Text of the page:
Mariya Ilyas '13, Amar Patel '13 and Sustainable Bowdoin Receive Campus Compact Awards
Story posted May 04, 2012
Juniors Mariya Ilyas and Amar Patel, as well as Sustainable Bowdoin, have received awards from Maine Campus Compact, a consortium of 18 higher education institutions dedicated to promoting community service, civic engagement and service learning in higher education.
Heart and Soul Award Winner Mariya Ilyas '13
Mariya Ilyas, a math and sociology major from Alexandria, Virginia, is one of six Maine students selected to receive the Student Heart and Soul Award, recognizing exceptional leadership both on campus and within their community.
Since arriving at Bowdoin, Ilyas has been involved in local, national and international communities through service and engagement coordinated both on her own and through the Joseph McKeen Center for the Common Good.
From teaching English to Somali and Iraqi refugees at the Portland Adult Education Center, to helping low-income Mainers navigate the legal system and tutoring SAT preparation to college-bound Portland students, Ilyas has assumed leadership roles to help others gain as much from the community as she has.
Joseph McKeen Center for the Common Good
Check out the Joseph McKeen Center for the Common Good Web site, offering continuously updated content regarding community service opportunities, a schedule of events and other happenings.
Ilyas recently led her peers on an Alternative Spring Break to Washington, D.C., to look at issues of poverty and homelessness from a policy perspective while engaging in direct service in the nation’s capitol.
Ilyas has also been pivotal in re-establishing the Muslim Students Association at Bowdoin, which organized an interfaith service held on the 10th anniversary of 9/11.
A passion for journalism prompted her to return to her native Pakistan to work with the Al-Imtriaz Academy, a high school serving underprivileged students. Funded by a Davis Projects for Peace grant through Bowdoin Career Planning, Ilyas developed and taught a journalism course that included not only course work, but field trips to local news and radio stations.
The other Heart and Soul Award winners are Erik Barth, Bates College; Katelyn Brown, St. Joseph’s College of Maine; Jake Kaplove, Bates College; Casey O’Malley, University of Maine at Farmington; and Dana Roberts, Colby College.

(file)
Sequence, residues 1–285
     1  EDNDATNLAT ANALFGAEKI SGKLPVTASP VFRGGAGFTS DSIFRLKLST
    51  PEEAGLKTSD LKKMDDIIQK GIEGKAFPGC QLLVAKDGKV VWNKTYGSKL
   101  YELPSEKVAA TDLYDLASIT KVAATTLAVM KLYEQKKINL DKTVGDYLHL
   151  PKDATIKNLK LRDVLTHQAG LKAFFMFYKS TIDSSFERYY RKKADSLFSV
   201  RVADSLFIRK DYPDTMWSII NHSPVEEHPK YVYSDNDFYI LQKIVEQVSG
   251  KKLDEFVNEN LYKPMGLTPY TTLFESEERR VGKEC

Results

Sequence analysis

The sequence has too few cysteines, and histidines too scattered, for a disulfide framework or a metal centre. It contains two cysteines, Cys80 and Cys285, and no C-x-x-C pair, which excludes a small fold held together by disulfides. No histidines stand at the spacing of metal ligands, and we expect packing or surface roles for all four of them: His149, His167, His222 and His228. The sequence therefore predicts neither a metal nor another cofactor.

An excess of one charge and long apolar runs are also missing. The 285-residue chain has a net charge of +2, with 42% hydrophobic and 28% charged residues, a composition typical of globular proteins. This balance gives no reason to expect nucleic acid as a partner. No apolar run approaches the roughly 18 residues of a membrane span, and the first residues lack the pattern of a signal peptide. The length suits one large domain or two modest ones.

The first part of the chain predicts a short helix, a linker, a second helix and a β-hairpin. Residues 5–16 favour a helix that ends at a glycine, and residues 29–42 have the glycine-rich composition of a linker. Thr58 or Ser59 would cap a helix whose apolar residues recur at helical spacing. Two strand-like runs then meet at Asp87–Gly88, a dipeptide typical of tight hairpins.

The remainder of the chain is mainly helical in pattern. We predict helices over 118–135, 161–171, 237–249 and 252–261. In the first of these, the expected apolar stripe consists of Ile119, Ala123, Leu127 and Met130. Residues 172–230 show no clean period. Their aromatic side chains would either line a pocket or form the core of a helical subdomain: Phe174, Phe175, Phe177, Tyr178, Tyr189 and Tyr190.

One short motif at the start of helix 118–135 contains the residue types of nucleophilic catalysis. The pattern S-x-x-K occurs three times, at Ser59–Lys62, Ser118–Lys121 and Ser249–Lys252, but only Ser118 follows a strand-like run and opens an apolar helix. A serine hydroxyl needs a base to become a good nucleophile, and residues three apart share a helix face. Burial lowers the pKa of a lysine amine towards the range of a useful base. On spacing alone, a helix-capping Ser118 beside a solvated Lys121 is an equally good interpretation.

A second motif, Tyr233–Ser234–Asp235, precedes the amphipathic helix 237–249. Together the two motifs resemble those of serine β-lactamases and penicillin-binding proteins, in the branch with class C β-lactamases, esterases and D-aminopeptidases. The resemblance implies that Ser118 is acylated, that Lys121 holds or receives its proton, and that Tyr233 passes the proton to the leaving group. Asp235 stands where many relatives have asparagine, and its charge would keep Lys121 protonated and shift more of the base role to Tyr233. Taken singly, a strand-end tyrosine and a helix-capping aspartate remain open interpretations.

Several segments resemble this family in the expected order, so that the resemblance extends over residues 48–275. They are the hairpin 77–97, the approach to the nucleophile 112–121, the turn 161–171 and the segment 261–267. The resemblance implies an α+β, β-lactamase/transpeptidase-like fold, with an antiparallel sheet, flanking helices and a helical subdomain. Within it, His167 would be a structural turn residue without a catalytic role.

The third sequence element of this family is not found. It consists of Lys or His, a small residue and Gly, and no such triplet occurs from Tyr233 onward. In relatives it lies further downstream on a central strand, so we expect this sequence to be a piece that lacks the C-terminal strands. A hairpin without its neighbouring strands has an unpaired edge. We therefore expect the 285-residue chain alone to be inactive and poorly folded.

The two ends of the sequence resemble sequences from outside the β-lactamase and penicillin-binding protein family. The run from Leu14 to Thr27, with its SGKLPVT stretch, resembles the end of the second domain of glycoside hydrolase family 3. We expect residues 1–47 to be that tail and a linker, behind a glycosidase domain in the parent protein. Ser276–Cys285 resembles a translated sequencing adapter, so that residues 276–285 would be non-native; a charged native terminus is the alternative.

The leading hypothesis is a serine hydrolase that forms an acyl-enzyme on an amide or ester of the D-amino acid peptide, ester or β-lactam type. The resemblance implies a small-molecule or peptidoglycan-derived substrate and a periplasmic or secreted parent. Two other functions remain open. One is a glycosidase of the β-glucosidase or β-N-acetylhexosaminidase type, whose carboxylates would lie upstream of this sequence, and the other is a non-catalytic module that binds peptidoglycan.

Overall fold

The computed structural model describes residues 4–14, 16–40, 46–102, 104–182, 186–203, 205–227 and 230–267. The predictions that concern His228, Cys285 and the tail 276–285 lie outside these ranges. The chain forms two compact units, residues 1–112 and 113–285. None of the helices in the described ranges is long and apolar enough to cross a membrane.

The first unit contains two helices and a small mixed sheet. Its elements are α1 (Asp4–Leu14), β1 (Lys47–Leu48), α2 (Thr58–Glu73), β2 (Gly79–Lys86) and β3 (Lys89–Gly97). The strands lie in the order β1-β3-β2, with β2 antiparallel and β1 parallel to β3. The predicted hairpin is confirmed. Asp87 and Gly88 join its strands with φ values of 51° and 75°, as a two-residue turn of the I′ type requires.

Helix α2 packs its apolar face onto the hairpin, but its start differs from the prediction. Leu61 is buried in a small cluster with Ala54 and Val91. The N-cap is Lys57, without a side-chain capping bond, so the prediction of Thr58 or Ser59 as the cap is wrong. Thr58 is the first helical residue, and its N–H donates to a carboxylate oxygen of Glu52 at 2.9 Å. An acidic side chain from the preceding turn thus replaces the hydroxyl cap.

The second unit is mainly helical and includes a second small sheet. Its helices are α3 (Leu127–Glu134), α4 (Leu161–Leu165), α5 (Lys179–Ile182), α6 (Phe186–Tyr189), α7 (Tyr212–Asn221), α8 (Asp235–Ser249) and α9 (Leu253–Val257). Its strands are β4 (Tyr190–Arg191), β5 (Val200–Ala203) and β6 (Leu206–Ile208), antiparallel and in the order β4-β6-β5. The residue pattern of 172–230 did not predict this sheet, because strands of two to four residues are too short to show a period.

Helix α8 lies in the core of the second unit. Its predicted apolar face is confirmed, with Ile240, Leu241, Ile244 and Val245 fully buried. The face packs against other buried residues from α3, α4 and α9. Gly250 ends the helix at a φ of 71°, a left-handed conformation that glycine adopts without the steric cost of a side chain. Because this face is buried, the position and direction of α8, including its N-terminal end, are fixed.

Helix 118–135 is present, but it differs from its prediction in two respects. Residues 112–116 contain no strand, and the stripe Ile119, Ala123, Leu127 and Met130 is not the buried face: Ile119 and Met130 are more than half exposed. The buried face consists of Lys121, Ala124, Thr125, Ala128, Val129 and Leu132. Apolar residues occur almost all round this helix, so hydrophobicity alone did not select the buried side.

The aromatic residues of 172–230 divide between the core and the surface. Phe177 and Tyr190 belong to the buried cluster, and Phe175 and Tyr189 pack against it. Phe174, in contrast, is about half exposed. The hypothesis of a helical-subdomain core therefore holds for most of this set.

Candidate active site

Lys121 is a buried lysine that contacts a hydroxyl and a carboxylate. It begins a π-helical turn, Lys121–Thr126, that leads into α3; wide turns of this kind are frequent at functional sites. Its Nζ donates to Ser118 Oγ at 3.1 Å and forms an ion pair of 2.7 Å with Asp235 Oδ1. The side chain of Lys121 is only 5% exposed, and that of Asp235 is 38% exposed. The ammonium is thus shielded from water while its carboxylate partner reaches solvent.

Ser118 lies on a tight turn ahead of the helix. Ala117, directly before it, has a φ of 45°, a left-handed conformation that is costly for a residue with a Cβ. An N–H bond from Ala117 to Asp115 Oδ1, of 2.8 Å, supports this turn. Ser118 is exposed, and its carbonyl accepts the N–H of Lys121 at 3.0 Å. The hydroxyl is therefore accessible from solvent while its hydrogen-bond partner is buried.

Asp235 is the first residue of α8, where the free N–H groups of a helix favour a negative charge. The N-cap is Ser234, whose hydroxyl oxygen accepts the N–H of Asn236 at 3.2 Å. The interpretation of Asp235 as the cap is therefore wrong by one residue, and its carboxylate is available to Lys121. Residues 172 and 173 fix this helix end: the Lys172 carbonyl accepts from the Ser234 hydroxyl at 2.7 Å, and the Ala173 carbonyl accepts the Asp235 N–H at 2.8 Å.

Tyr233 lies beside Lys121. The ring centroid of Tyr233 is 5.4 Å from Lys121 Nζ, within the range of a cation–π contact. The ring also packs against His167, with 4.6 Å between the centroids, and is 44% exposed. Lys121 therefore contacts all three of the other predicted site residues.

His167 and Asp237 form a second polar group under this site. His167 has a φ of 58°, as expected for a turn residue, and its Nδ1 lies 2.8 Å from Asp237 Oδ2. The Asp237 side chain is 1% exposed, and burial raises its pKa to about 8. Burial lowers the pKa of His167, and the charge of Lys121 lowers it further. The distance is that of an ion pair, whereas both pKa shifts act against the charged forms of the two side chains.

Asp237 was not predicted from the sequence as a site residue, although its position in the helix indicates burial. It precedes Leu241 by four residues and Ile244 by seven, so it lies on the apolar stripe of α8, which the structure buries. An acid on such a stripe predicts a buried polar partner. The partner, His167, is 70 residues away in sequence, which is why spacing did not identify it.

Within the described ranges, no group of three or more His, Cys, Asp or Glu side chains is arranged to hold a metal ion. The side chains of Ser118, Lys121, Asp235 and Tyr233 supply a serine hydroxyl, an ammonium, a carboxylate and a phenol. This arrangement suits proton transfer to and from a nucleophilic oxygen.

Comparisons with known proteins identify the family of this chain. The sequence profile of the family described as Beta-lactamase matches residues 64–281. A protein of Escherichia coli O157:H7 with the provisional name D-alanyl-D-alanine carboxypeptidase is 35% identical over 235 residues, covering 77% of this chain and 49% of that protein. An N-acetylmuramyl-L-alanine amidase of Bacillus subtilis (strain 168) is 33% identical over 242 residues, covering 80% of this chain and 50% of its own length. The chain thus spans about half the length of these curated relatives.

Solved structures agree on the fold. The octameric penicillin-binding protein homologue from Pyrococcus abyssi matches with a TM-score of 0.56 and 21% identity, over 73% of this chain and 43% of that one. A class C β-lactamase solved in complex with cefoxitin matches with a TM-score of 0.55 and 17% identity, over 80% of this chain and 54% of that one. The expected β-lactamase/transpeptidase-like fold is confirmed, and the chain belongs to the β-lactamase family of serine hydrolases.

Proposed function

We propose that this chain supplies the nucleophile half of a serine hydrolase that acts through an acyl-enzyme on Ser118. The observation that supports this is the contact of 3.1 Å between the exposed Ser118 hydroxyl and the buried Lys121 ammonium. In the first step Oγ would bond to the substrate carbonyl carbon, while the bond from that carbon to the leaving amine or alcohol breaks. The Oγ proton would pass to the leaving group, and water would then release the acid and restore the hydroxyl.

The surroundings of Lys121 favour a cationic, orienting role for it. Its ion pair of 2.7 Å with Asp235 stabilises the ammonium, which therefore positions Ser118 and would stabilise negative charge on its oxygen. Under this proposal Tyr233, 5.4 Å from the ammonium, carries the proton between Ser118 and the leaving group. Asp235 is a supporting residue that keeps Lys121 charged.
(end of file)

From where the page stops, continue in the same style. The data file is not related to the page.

Sustainable Bowdoin Wins President's Leadership Award
Sustainable Bowdoin received MCC's President’s Leadership Award recognizing the efforts of a campus department or group to address community issues that result in widespread impact on the campus and in the community.
Since 2001, Sustainable Bowdoin, led by Keisha Payson, has helped guide a collaborative campus effort aimed at decreasing the College’s environmental impact.
Bowdoin’s commitment to sustainability is incorporated into coursework and research in environmental studies, economics and sociology and is infused throughout students’ co-curricular activities.
MCC applauded the College for it commitment to achieving carbon neutrality by 2020, doubling the campus recycling rate, and incorporating sustainability principles throughout campus, from environmental purchasing and building practices to developing its own organic garden and installing sustainable energy technologies such as solar hot water, geothermal heating and cooling systems, and a co-generation system that produces roughly 10% of the campus electricity use from steam that is used to heat the campus.
Pillars Award Winner Amar Patel '13
Heart and Soul Award nominee Amar Patel ’13, of Edison, N.J., double-majoring in government and legal studies, and economics, received the MCC Pillars award, which recognizes those students who support the civic efforts of others and take leadership roles in addressing and finding solutions to issues that face their communities through philanthropy, innovation, learning, leadership, action, responsibility, and service.
As a sophomore, Patel joined the Common Good Grant committee to explore philanthropy and provide resources to Maine organizations. At the same time he began volunteering for the Volunteer Lawyers Project and Pine Tree Legal Assistance to explore legal work as a possible career.
In the process, he became connected to members of Portland’s immigrant community. Intrigued by the economic issues that cause poverty and inequality, Patel worked with the Maine Center for Economic Policy as a Community Matters in Maine summer fellow to learn more. An op-ed piece in the Portland Press Herald highlighted a study Patel conducted with the MECEP detailing the benefit of every dollar spent at mom-and-pop businesses in Portland.
The Maine Campus Compact awards were presented April 20 at a ceremony at Bates College in Lewiston.
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